The Dodge Intrepid ESX, introduced in 1996 by the Chrysler Corporation, is powered by both a diesel engine and electric motors. Equipped with lead-acid batteries, electric power steering, and an aluminum body, it is about 272 kg (600 lb) lighter than a comparable conventional automobile. In addition, the Intrepid ESX gets about twice the gas mileage as its conventional counterpart.
Future vehicles will likely be made of different materials. For example, improved plastics or composites will reduce car weight, provide fuel economy, allow for smoother surfaces and more complex shapes, and better manage crash energy. As fuel costs increase and the cost of composite body construction decreases, widespread use of plastics could follow. Ceramics, which cut weight and thus improve fuel economy, will increase operating efficiency in applications such as pistons and turbocharger rotors.
The Ford Excursion is one of the largest sport-utility vehicles (SUVs) available in the United States. The popularity of SUVs helped revitalize the U.S. automobile industry in the late 1990s and early 2000s. But industry critics said the vehicles posed safety problems because of their tremendous weight and evaded pollution controls because they were classified as trucks.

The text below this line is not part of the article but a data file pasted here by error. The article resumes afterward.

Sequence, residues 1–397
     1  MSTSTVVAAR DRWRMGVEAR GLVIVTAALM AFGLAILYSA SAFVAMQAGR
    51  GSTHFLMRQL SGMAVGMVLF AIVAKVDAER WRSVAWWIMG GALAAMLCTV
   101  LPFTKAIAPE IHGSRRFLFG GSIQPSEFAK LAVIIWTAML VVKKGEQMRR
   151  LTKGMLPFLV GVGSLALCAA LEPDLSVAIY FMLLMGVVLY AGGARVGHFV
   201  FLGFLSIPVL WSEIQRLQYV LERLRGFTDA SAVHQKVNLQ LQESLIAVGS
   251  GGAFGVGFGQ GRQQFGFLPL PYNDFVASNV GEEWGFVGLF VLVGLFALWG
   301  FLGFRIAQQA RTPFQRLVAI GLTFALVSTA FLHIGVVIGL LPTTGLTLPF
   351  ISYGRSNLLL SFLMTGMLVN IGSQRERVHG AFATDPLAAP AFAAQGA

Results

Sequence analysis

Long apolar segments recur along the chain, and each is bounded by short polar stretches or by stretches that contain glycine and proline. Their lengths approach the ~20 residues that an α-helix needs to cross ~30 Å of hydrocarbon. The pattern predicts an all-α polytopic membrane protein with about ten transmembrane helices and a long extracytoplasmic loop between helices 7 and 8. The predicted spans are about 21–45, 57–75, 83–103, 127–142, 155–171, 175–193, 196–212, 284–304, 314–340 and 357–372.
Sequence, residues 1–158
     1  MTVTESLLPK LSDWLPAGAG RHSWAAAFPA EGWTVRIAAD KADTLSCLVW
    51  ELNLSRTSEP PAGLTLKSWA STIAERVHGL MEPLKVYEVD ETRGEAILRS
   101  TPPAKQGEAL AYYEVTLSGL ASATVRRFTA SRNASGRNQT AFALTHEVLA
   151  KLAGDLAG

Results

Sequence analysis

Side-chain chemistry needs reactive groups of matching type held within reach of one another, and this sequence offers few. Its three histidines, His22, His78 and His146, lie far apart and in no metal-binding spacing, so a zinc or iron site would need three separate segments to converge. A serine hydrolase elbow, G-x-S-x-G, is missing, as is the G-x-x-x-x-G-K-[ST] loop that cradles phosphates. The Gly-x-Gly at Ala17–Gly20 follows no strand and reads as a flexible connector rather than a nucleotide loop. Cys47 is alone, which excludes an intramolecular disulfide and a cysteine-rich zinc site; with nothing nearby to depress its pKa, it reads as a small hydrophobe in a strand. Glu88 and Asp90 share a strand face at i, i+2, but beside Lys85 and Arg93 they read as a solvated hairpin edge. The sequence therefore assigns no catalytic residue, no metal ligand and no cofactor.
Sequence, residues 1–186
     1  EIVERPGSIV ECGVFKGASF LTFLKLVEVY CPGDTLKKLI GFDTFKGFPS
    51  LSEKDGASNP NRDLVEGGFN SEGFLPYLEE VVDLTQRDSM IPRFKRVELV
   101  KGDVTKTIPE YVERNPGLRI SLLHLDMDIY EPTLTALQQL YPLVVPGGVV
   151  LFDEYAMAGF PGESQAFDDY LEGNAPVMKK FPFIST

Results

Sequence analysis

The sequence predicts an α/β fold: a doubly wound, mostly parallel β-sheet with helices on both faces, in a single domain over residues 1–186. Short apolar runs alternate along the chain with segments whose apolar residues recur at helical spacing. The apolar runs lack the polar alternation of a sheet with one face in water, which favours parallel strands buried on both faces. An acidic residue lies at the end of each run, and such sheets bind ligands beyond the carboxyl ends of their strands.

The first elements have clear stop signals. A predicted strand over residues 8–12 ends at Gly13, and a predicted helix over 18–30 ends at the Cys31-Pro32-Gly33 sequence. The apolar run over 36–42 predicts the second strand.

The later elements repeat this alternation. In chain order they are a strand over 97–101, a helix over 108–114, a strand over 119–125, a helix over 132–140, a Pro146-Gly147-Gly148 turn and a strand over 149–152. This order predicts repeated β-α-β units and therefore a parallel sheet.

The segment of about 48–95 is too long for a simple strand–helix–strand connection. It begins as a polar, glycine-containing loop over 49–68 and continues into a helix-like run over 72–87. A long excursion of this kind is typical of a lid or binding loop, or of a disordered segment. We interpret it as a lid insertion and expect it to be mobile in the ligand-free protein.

Safety will continue to be a concern for automakers. Airbags have saved numerous lives, but they have also been responsible for injuries and deaths of small children, due to the forceful action of the airbags when they inflate. New rules from the U.S. Department of Transportation in 1997 allowed some consumers to remove the airbags or to disable them when small children are riding in front passenger seats. Another point of controversy concerns the recent popularity of large sport-utility vehicles (SUVs) and pickup trucks. When an ordinary car collides with a truck or SUV, studies show that the car passengers are much more likely to suffer injury or death than are the occupants of the larger vehicles. SUVs and trucks are heavier and higher off the ground than ordinary cars and frequently run over the bumpers of ordinary cars during collisions. Industry representatives, government agencies, and insurance groups are currently working on these problems to create practical solutions and increase safety on the road.
The auto industry of the future will be characterized by vanishing boundaries: between countries and companies, between suppliers and manufacturers, between engineering fields, between departments (that is, marketing, design, and finance), between labor and management, and between automotive and consumer electronics. Companies that rapidly adapt to unpredictable and dynamic events will prevail.